Evolution of the Web

Posted to Infographics  |  Tags: , ,  |  Nathan Yau

In celebration of Chrome’s third birthday, Google teamed up with Hyperakt and Vizzuality to explore the evolution of the Web:

Over time web technologies have evolved to give web developers the ability to create new generations of useful and immersive web experiences. Today’s web is a result of the ongoing efforts of an open web community that helps define these web technologies, like HTML5, CSS3 and WebGL and ensure that they’re supported in all web browsers.

The black timelines show major browser releases. As you click each browser icon, you can see how the browser window has changed for each release, which I think is the most interesting part of the interactive.

Color bands represent browser technologies such as JavaScript, HTML, and Flash, and the bands grow as new browsers integrate the technologies. The intertwining of bands is supposed to show the interaction between different technologies, but it gets fuzzy here. Does the vertical position of bands mean anything? Does shape mean anything, or is it more for show? I think it’s a little of both. More the latter. Fun to poke around memory lane either way.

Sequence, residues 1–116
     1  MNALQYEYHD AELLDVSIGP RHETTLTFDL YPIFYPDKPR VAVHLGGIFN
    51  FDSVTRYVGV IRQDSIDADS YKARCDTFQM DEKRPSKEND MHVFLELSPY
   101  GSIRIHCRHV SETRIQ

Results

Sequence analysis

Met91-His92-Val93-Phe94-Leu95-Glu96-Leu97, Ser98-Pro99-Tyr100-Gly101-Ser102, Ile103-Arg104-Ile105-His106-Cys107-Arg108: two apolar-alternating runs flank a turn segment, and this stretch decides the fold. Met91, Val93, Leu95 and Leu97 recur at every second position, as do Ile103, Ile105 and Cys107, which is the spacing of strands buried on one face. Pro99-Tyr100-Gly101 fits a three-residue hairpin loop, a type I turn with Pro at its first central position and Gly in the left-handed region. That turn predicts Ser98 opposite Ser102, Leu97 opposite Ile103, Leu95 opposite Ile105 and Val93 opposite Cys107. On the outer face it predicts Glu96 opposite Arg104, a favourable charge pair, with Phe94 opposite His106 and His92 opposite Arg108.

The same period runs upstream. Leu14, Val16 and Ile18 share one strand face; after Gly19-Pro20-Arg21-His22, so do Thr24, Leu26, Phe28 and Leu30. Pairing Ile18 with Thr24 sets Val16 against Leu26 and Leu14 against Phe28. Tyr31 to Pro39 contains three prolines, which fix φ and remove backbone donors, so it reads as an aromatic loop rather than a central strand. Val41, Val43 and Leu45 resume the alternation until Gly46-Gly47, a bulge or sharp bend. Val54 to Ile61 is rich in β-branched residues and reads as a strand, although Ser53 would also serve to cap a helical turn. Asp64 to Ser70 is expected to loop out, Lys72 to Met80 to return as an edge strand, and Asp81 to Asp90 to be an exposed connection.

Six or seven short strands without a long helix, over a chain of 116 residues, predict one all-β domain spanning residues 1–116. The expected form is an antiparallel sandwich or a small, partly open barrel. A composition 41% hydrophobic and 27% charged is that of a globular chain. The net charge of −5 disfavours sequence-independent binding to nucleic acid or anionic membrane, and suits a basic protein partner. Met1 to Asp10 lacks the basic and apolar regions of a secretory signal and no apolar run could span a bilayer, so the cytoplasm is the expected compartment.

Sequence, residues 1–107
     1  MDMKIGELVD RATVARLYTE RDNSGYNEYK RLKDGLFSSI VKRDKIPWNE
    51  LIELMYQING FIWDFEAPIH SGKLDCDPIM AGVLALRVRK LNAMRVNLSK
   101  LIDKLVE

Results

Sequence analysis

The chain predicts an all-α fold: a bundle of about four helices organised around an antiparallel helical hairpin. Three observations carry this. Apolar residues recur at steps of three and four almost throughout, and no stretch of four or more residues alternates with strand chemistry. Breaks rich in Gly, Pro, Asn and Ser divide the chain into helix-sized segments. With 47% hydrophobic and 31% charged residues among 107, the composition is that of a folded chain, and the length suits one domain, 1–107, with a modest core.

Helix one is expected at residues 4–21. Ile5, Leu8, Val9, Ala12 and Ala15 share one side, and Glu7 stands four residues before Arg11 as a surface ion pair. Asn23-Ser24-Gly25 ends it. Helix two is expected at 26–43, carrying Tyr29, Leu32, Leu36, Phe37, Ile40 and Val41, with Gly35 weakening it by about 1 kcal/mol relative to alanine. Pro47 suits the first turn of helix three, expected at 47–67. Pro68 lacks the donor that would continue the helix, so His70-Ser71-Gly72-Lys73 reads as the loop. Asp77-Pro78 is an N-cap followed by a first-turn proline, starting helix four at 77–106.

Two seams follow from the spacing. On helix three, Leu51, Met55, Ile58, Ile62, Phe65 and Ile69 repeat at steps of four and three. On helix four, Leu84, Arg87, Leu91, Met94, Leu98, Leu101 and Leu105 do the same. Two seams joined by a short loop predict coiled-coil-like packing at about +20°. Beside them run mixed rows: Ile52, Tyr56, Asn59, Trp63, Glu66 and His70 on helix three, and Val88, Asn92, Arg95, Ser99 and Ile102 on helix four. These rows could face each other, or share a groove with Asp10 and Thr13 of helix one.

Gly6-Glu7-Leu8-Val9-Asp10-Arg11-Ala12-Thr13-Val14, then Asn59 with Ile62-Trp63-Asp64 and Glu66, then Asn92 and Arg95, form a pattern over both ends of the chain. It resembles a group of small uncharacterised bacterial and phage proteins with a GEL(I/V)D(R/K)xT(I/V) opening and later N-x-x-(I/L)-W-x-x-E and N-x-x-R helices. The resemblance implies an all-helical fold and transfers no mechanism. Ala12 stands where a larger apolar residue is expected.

[Thanks, Deroy]


  • They are pretty heavy-handed in claiming-by-design that Chrome and Chrome OS are the future of the internetz. The width of the bands seems to denote how widely used each technology is (# of websites? users?), though the data do not seem to come from caniuse.com. Notice the utopian future past 2012 and the ubiquity of HTML5.

    The position of the start of the bands leads you to assume that the closest browser best uses or was part of the invention of that technology. For example, on first glance you would think that only the Chromes can use Geolocation.

    It’s a cool resource and beautifully designed. Their use of position and the term “evolution” lead me to question some of their motives…

  • It is pretty clear that this is less of a historical infographic and more of a marketing piece for HTML 5. Considering that there are no listed innovations between the introduction of the AJAX framework in 1999 and the first “HTML 5” method in 2004. I love Google, but they didn’t get where they are by being altruistic with the competition.

  • For my taste – too much spin, not enough data.


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